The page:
sprout & co.

with alec resnick and shaunalynn duffy

At the end of 2008, I decided to step back from leading Camp Kaleidoscope. I opened an alternative elementary school in the form of a homeschooling center in 2008, and was surprised to find how much friction I experienced with families in a long-term setting, as opposed to at Camp Kaleidoscope. I became to feel increasingly that just providing powerful experiences to children wasn't sufficient for our society to change its ideas on what good learning was. I felt that children's lives were ultimately circumscribed by the adults of their life, and how adults thought about learning had to fundamentally change in order for our society's values to change.

This feeling -- that I wanted to work in a space larger than children's learning, led me to co-found sprout & co. with two friends of mine in 2008. In 2009 we opened a studio in Somerville, MA. For most of the time from 2009 - 2012, it was open to the public in some capacity. Materially we seeded it like a makerspace -- with tools ranging from basic machine shop tools to a simple biolab -- and tried to give it a different set of values.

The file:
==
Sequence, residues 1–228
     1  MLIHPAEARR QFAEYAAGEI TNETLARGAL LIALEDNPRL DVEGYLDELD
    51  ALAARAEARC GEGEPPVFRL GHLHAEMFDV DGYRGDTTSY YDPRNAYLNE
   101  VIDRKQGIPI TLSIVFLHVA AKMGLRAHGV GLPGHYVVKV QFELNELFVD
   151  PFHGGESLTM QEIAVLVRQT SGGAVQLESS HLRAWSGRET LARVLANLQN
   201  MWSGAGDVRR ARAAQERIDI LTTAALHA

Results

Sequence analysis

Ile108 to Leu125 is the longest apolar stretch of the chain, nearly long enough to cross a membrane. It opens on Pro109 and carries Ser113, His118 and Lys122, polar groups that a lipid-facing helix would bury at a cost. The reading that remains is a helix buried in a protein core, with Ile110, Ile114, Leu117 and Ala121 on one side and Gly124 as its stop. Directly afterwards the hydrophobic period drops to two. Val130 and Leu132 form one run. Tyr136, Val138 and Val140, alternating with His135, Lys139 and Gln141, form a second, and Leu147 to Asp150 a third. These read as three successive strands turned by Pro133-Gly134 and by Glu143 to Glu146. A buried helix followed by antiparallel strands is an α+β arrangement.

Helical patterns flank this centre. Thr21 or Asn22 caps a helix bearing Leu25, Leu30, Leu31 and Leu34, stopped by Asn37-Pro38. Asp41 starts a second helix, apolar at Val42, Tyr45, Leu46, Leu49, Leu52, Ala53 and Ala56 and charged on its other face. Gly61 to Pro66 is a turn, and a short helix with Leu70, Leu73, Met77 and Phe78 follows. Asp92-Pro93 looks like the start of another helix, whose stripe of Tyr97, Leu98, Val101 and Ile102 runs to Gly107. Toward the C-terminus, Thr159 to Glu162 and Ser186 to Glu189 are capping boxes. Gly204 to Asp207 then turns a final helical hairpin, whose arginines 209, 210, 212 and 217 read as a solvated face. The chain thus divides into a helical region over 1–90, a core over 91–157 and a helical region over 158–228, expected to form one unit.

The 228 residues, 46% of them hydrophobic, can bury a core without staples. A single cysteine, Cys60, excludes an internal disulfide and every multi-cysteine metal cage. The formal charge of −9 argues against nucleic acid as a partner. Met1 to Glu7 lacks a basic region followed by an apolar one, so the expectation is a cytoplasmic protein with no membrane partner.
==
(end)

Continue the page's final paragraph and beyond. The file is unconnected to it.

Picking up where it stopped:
Specifically, we were interested in a community of practice coming together around learning and science. We aspired to build a community college that lived up to the true meaning of both those words.

Throughout the 4 years I worked on sprout, we tried a handful of different ways to engage with our community -- holding open shop hours, and running classes and workshops which we felt captured the constructionist spirit in a context in which adults could find personal meaning. One of the examples that guided our work was the idea that deep opportunities for learning and growth were latent in the world around us (we wondered about a world where people could fix their own potholes instead of waiting for the state.) Towards that end I ran workshops and events including:

Other projects at sprout that impressed me for their depth and beauty included

Sprout as a living community impressed me. I got to meet and collaborate with many people -- especially in the visual arts fields -- that I would not have expected to have met on my own. Real, in-person community as the seat of deep learning is something I think I had not truely considered before this work.

In 2012, I chose to leave sprout for personal reasons. Independently, sprout decided to put much of its energy into starting a charter high school -- an opportunity sparked by our connectedness in the Somerville community -- and a way to work with learners for longer and closer periods than weekly workshops, which is an ongoing effort with plans for the school to open in fall 2016.